A recent study from University of Alabama at Birmingham researchers published in PLOS ONE compares different available treatments for stroke prevention in patients with non-valvular atrial fibrillation.
The group identified six clinical trials with 59,627 patients comparing six different FDA-approved treatment alternatives. The study combined all phase-three randomized controlled clinical trials comparing different novel oral blood thinners, left atrial appendage closure devices, known as WATCHMAN devices, and Coumadin (warfarin) for stroke prevention in patients with non-valvular atrial fibrillation. Investigators reported data on ischemic stroke, major bleeding and primary safety endpoint from these clinical trials.
WATCHMAN left atrial appendage devices are used as an alternative to long-term warfarin therapy for stroke risk-reduction patients with non-valvular atrial fibrillation.
UAB doctors say too many options may not be a good thing.
"The occurrence of multiple treatment pathways has presented dilemmas for the clinicians," said Navkaranbir S. Bajaj, M.D., the first author of the PLOS ONE study who designed and conducted the analyses for the study.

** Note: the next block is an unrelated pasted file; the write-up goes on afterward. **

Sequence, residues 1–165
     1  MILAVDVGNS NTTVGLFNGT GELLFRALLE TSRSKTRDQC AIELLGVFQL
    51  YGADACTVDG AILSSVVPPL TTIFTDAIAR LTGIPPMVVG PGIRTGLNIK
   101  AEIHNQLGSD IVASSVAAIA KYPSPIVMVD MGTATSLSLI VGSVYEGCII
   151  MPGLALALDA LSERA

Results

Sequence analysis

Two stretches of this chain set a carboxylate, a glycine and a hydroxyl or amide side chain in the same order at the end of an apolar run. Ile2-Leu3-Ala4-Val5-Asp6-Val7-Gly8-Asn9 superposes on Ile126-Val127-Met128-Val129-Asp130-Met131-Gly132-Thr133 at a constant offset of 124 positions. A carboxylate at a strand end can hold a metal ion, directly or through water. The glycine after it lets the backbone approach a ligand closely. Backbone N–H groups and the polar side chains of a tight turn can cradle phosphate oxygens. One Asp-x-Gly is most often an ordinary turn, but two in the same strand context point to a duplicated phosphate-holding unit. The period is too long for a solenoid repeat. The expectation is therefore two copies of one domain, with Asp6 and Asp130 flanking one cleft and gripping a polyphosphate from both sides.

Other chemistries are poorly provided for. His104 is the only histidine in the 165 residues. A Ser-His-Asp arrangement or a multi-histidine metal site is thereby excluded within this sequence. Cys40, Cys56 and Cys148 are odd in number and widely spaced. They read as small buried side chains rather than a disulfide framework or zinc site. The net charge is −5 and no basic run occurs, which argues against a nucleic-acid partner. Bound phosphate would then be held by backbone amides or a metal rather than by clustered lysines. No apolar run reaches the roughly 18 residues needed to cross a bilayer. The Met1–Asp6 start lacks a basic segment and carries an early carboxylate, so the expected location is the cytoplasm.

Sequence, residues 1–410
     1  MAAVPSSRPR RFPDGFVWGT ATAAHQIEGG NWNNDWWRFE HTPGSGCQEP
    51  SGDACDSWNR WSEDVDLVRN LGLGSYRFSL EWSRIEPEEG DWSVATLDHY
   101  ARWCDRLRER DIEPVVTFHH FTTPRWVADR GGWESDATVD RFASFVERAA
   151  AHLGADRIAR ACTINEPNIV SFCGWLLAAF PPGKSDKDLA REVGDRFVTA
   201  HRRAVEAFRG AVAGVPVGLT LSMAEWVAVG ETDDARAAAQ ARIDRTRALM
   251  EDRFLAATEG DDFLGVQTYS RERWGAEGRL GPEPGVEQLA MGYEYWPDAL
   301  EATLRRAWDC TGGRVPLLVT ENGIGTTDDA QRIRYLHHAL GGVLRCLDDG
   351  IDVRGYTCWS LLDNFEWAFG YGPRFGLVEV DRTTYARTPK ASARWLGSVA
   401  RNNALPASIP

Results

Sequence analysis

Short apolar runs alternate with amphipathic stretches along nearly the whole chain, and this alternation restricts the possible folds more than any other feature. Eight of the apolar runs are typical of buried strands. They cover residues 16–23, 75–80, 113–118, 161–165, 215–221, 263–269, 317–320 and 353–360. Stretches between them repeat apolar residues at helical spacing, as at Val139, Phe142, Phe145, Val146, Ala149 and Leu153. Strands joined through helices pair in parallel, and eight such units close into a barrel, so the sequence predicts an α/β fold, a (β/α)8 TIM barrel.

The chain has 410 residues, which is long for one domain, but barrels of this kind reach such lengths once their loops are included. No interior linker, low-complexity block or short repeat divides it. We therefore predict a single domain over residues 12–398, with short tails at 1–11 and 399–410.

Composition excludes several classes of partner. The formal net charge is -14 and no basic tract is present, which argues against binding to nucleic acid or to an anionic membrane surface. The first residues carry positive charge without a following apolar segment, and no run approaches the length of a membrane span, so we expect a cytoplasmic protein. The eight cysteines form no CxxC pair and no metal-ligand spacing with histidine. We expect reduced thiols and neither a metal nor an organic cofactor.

"We exploited the fact that no direct comparisons from trials were available between WATCHMAN and novel oral anti-coagulants," said Bajaj, instructor fellow in the division of cardiovascular disease.
The study explains that, while direct evidence from randomized controlled trials is lacking, indirect comparisons using systematic network meta-analyses can provide useful complementary information that may be less biased than the direct evidence.
Researchers have found that all treatments had comparable efficacy in reducing stroke rates. However, Apixaban, one of the novel oral blood thinners, was a clear winner in terms of safety profile, and the WATCHMAN device was ranked last due to a higher number of procedural adverse events.
"In an era of precision medicine, we need to individualize treatment for our patients," said senior author Pankaj Arora, M.D., assistant professor in the Division of Cardiovascular Disease. "Our current analysis gives insight into how one can do that to prevent stroke in patients with atrial fibrillation."
Arora says one size does not fit all, and his clinical translational research group is actively working to apply this order to all cardiovascular diseases. The authors concluded that the trade-off between safety and efficacy should be the driving force, and the hierarchical ranking presented in this paper can serve as a clinical tool to guide selection of therapy in patients with atrial fibrillation.
University of Alabama at Birmingham